Origin and History
The frigate was built at Rotherhithe and launched in 1746.
During the Seven Years' War, the ship was under the command of:
- in 1756 and 1757: captain Alexander Campbell
- in 1759: captain James Campbell
The frigate was stricken off of the fleet in 1774 and used as breakwater.
Service during the War
In 1756, the frigate served on the coast of North America. In July, she captured the French vessel Centaure (probably a merchantman) and brought her to New York. On August 2, the Centaure was declared "lawful prize" by the vice-admiralty.
Early in 1757, the frigate was back in North America. By May 5, Loudon had assembled transports at New York for the planned expedition against Louisbourg. Sir Charles Hardy, governor of New York, was commissioned as rear-admiral of the Blue and chose the Nightingale (24) as his flagship. On June 20, after waiting in vain for Holbourne, Loudon finally put to sea and sailed from Sandy Hook to Halifax where he arrived without meeting any opposition on June 30. By July 10, Loudon had been joined by Holbourne's squadron before Halifax. However on August, when the combined fleet was ready to set sail, Louisbourg had already been reinforced by three French squadron and governor Loudon canceled the whole enterprise.
At the beginning of 1758, the frigate was part of the fleet who assembled at Portsmouth under the command of admiral Edward Boscawen for a new expedition against Louisbourg. On February 19, this fleet set sail for Halifax and finally arrived there on May 9. On May 28, the fleet sailed from Halifax and arrived in sight of Louisbourg on June 1. Throughout the siege of Louisbourg, the fleet actively supported the British army and the fortress finally surrendered on July 26.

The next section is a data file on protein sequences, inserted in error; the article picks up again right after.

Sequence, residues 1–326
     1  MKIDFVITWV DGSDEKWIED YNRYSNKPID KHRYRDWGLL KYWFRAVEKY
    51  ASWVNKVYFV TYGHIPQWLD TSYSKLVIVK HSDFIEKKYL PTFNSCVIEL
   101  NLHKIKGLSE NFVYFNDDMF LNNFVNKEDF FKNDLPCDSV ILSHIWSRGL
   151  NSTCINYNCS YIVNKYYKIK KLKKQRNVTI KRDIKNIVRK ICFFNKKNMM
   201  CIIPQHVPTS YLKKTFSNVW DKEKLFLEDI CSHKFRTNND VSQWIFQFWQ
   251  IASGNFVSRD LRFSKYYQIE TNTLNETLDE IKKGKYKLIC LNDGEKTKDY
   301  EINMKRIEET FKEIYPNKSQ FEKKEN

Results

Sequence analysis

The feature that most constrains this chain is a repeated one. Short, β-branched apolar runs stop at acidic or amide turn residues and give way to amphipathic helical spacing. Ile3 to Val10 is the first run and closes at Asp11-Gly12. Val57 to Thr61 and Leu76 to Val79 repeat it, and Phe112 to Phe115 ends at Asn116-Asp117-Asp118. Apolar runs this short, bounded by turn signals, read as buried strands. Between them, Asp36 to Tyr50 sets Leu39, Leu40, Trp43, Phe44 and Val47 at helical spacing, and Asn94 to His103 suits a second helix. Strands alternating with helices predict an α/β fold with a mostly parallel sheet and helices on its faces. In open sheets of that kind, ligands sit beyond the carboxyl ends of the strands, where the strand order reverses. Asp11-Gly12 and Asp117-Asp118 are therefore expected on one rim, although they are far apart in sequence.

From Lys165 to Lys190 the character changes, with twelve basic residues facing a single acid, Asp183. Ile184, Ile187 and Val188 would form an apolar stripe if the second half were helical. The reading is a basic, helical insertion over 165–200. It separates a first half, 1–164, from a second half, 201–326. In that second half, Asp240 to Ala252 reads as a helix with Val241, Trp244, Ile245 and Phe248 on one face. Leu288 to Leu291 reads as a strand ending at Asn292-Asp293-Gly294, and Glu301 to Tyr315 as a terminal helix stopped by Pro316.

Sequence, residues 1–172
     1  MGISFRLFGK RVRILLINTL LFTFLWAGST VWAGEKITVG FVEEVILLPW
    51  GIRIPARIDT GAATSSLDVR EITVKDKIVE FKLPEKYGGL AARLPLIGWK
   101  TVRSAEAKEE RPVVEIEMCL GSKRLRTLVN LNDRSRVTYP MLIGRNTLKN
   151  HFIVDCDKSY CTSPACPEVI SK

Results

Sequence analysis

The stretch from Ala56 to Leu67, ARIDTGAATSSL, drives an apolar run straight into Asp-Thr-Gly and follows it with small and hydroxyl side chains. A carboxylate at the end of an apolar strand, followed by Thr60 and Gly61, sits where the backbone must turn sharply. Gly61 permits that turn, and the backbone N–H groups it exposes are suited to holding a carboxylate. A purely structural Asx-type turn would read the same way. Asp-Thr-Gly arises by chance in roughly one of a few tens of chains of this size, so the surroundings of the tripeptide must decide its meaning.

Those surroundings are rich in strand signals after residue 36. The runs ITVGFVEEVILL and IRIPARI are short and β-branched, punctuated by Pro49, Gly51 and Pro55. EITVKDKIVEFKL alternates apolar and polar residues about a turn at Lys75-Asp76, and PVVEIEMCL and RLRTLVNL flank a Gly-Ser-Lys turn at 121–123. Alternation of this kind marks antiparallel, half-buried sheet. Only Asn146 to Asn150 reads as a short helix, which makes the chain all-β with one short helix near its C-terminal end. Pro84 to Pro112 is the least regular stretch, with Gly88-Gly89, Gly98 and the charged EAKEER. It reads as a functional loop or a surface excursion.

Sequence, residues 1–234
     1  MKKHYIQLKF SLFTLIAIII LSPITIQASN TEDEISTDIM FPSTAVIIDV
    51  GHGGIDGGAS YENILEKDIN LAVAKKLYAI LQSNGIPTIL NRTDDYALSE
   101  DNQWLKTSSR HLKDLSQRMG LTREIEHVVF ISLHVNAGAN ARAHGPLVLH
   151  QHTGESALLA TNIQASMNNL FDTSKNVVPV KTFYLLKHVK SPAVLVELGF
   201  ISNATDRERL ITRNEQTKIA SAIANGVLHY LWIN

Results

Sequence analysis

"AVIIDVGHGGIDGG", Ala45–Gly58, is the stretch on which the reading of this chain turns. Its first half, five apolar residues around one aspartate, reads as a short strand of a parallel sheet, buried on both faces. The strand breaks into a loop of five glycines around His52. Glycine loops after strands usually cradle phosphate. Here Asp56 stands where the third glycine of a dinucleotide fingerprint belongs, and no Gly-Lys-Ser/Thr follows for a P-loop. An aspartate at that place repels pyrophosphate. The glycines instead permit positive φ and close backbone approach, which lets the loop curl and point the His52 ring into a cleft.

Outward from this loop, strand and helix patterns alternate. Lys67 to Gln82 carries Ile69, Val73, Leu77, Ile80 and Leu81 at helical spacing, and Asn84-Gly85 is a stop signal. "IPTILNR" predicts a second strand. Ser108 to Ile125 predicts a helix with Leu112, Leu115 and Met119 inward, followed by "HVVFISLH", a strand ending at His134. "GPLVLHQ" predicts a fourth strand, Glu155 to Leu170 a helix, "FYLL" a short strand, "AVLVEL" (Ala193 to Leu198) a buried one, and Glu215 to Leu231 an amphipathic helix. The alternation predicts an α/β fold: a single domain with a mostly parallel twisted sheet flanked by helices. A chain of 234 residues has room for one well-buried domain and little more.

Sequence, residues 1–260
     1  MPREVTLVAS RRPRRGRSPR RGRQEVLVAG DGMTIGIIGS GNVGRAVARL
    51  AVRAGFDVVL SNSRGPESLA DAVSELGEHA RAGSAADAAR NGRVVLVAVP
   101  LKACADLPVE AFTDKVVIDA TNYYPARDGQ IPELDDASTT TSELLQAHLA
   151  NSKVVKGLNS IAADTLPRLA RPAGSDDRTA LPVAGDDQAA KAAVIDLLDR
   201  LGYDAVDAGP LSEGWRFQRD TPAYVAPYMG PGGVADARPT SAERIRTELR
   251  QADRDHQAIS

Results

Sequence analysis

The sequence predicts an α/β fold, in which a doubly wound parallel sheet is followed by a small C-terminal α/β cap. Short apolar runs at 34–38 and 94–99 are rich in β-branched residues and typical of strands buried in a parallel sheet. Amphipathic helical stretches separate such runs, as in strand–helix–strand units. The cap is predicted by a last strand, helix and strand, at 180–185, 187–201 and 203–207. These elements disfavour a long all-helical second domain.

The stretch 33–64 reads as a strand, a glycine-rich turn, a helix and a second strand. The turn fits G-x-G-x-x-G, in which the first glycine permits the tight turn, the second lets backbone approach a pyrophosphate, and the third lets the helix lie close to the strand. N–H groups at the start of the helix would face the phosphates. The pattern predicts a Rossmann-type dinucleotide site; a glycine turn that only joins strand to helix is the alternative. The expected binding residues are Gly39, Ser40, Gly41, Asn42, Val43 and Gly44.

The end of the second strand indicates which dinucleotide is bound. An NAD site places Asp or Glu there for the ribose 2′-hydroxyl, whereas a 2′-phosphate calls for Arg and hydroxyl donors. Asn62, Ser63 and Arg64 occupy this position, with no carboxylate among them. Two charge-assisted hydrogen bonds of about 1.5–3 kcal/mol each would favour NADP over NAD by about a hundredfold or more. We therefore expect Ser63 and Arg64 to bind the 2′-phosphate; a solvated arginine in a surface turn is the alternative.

In February 1759, the frigate sailed from Spithead in Great Britain as part of the fleet destined for the expedition against Québec. The voyage was long and tedious. On April 21, when the fleet finally reached Louisbourg, it was to find the harbour blocked with ice, so that the fleet made for Halifax instead. The fleet finally sailed for Louisbourg in May. Between June 1 and 6, the fleet gradually left the harbour of Louisbourg and sailed for Québec. On June 23, Saunders' fleet made a junction with Durell's squadron at Isles-aux-Coudres. On June 26, the whole British fleet of vice-admiral Saunders was anchored safely off the southern shore of Isle-d'Orléans, a few km below Québec without loosing a single ship. The town finally surrendered on September 18. At the end of October, vice-admiral Saunders fired his farewell salute and dropped down the Saint-Laurent river with his fleet on his way to Great Britain. However, he also left captain lord Colville in command of a small squadron, including several frigates (maybe this one), in North America.
To do: campaigns from 1760 to 1762
N.B.: reported with 22 guns in 1757 by "Complete History"
Anonymous, A Complete History of the Present War, from its Commencement in 1756, to the End of the Campaign, 1760, London, 1761, pp. 202-205, 233-235
New York Vice-Admiralty, Judgment by Lewis Morris in 1756
Phillip, Michael, Ships of the Old Navy
N.B.: the section Service during the War is mostly derived from our articles depicting the various campaigns, battles and sieges.
Bob Cornez for the details on the activities of the frigate in 1756